In every crisis, there’s a deep yearning in the human soul for a return to normal. Crisis reveals how sweet simple, normal aspects of life—the ones that we so often take for granted—really are. But crises also redefine normal. Deep ones leave lasting scars on our character and behaviours. What’s more, our hyperspeed, impatience-impaired world brings with it a myopia that magnifies COVID-19 from episode to era—and a sense that the normal we knew is radically altered, forever. What will life be like on the other side of the pandemic?

Pundits are all over this one. Let’s face it, careers are established on the catchphrase that sums up the moment. In the process, rhetoric can diverge wildly from reality, and lead to decisions that cheat us and others out of opportunities. The Great Depression spurred widespread behaviours that limited opportunities for an entire generation.

Well, we’re emerging from this one—the signs of that are all around. Immunization rates are climbing, moving us closer toward herd immunity. Infection outbreaks in the emerging world are ramping up the availability of vaccines for those worst hit. And output is surging as economies resume business activity. Evidence of the return to full production is everywhere, no more than in surging prices. If so, what will things look like? Let’s have a look at what could be for certain key functions.

The office: Many are asking whether we’ll go back to the madness of the commute—the all-at-once rush from the ’burbs into the cluster of downtown glass-and-steel towers. Without question, we’re all now adept at digital meeting platforms, and polls suggest that many want to keep things this way. It works well when we’re all forced to work this way, but when return-to-work happens, will there be a split between those who are and aren’t present in terms of decision-making, advancement, access to information, selection for projects and so on? Time will tell, and much will come down to the psychology of teamwork.

Cybersurge: Clearly, COVID-19 has put the squeeze on firms to digitize operations. This is most clear in retail, where the analog set are still shuttered 14 months on. Some businesses facing labour reticence to return to their jobs will be looking at new automated systems that accommodate labour concerns. Others may well address chronic labour shortages with machine solutions. Firms caught flat-footed by the pandemic and seeing the success of the more digital set are likely trying to emulate or even surpass their technical constructs. 

In addition, there seem to be moves toward leveraging automation, mechanization, robotization and artificial intelligence solutions to consolidate production operations and avoid future supply-chain risks. It’s difficult to believe that this wave of upping reliance on machines will fade post-COVID-19, as they address not only the temporary effects of the pandemic, but also longer-standing, pre-existing structural issues.

Planes, trains and automobiles:
What will post-pandemic people-movement look like? Many believe it has changed permanently. We’ve discussed the commute; what about other travel? Will people ultimately want to get on public people-movers like we used to? It’s a big subject, but here are a few things to consider. The owners and operators of these assets definitely want them full again and will do their best to lure customers back with discounts, incentives, and testimonials of how safe it is again. Business is also indicating that person-to-person interactions are essential to the future of operations and needs to resume. Likewise, confinement has likely increased aggregate appetite for tourism—as soon as it can be done safely. With these pent-up forces in place, it’s hard to believe that we won’t at least attempt to get back to where we were before—as we did post-SARS.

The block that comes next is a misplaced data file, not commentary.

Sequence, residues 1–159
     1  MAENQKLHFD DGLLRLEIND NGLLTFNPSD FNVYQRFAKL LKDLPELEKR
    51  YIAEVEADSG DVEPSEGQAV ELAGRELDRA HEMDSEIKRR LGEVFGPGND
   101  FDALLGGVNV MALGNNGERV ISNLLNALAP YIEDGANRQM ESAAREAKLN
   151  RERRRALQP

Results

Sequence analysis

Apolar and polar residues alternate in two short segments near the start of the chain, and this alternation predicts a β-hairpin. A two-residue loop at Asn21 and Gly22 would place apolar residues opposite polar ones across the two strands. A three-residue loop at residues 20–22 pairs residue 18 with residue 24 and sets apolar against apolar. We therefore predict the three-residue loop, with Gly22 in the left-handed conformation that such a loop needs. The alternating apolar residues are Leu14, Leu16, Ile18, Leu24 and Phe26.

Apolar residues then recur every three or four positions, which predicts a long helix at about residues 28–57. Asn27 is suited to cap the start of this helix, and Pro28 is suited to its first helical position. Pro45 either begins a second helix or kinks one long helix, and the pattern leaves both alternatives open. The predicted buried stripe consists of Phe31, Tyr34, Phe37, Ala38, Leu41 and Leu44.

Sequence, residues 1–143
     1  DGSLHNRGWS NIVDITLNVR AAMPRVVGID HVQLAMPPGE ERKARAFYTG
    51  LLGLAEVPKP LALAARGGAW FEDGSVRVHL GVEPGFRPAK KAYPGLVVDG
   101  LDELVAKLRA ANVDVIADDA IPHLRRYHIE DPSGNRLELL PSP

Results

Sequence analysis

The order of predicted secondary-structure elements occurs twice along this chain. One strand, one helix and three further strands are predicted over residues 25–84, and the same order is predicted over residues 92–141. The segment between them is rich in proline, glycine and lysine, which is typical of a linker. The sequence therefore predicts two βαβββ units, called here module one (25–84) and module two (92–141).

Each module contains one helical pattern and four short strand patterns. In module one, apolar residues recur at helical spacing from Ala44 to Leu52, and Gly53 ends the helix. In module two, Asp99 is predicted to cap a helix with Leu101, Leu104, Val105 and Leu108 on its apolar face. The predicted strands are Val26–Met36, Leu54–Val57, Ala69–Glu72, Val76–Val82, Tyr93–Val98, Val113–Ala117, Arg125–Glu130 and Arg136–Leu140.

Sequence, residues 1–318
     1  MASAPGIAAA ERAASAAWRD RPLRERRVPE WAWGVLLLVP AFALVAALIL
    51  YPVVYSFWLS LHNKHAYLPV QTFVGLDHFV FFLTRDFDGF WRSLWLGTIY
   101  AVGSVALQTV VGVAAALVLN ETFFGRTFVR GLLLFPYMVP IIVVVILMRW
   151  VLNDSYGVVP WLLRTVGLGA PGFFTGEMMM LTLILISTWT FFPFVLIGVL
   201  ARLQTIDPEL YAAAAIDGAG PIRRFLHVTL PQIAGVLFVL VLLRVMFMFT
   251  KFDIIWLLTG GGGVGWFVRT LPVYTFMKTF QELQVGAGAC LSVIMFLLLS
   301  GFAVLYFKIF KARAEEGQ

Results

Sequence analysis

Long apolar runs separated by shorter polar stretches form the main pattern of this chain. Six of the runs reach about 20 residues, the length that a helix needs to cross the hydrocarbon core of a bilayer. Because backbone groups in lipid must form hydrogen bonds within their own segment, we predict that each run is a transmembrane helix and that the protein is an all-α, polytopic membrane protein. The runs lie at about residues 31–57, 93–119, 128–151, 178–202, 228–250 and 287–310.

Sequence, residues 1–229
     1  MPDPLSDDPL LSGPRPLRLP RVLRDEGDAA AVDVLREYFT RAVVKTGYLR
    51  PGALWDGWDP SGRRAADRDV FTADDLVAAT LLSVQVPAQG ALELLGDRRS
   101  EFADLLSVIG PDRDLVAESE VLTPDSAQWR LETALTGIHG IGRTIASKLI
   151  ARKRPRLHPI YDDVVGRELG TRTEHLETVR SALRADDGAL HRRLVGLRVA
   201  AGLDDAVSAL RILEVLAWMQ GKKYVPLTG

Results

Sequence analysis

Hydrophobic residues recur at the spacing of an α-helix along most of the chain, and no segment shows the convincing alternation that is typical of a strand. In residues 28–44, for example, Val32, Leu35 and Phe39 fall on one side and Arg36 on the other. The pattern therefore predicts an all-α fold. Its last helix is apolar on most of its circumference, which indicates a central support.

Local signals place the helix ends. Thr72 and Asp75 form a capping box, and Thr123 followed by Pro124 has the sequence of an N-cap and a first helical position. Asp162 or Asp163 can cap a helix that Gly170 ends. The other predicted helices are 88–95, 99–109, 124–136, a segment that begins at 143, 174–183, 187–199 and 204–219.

Big oil: Major shifts in financial markets, regulation and legal actions are shifting perceptions of the role the fossil fuels industry will play when overall growth resumes. Usage has plummeted in the down-months of the pandemic, exciting conversation of a permanent shift. But a rapid rise in production will require an equivalent surge in energy usage, begging the question of whether this can be met by new, clean energy sources or whether old sources will still be needed as a bridge to the new reality. Make no mistake, clean is where we’re going; the immediate question is how fast we can get there.

The bottom line?

I think we can safely say that normal is being redefined, but not necessarily revolutionized—for the moment. The pandemic has taught us valuable lessons about how we can do things differently. But there’s a frustration about our new processes that suggests at least some reversion to our former ways, and soon. Transformation may well be more stepwise than expected.


This commentary is presented for informational purposes only. It’s not intended to be a comprehensive or detailed statement on any subject and no representations or warranties, express or implied, are made as to its accuracy, timeliness or completeness. Nothing in this commentary is intended to provide financial, legal, accounting or tax advice nor should it be relied upon. EDC nor the author is liable whatsoever for any loss or damage caused by, or resulting from, any use of or any inaccuracies, errors or omissions in the information provided.